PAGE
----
Exchange rate exposure: do size and foreign operations matter?

Ahmed El-Masry, Omneya H. Abdelsalam

Research output: Contribution to journalArticlepeer-review


Purpose – The purpose of this paper is to examine the effect of firm size and foreign operations on the exchange rate exposure of UK non-financial companies from January 1981 to December 2001. Design/methodology/approach – The impact of the unexpected changes in exchange rates on firms’ stock returns is examined. In addition, the movements in bilateral, equally weighted (EQW) and trade-weighted and exchange rate indices are considered. The sample is classified according to firm size and the extent of firms’ foreign operations. In addition, structural changes on the relationship between exchange rate changes and individual firms’ stock returns are examined over three sub-periods: before joining the exchange rate mechanism (pre-ERM), during joining the ERM (in-ERM), and after departure from the ERM (post-ERM). Findings – The findings indicate that a higher percentage of UK firms are exposed to contemporaneous exchange rate changes than those reported in previous studies. UK firms’ stock returns are more affected by changes in the EQW, and US$ European currency unit exchange rate, and respond less significantly to the basket of 20 countries’ currencies relative to the UK pound exchange rate. It is found that exchange rate exposure has a more significant impact on stock returns of the large firms compared with the small and medium-sized companies. The evidence is consistent across all specifications using different exchange rate. The results provide evidence that the proportion of significant foreign exchange rate exposure is higher for firms which generate a higher percentage of revenues from abroad. The sensitivities of firms’ stock returns to exchange rate fluctuations are most evident in the pre-ERM and post-ERM periods. Practical implications – This study provides important implications for public policymakers, financial managers and investors on how common stock returns of various sectors react to exchange rate fluctuations. Originality/value – The empirical evidence supports the view that UK firms’ stock returns are affected by foreign exchange rate exposure.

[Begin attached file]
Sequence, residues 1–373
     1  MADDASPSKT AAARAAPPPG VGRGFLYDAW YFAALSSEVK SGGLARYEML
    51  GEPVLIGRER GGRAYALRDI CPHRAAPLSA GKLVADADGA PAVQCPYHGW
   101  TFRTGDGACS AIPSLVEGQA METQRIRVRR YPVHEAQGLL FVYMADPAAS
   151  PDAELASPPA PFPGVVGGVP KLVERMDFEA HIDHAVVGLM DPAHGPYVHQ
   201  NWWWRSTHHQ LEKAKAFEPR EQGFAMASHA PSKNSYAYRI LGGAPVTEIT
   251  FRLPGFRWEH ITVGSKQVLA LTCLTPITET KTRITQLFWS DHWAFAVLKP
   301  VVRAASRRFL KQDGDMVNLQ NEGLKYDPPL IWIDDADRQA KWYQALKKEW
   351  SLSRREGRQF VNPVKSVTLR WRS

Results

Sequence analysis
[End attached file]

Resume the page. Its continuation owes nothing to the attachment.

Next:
Original languageEnglish
Pages (from-to)741-765
Number of pages25
JournalManagerial Finance
Issue number9
Publication statusPublished - 2007


  • exchange rate exposure
  • determinants of exchange rate exposure


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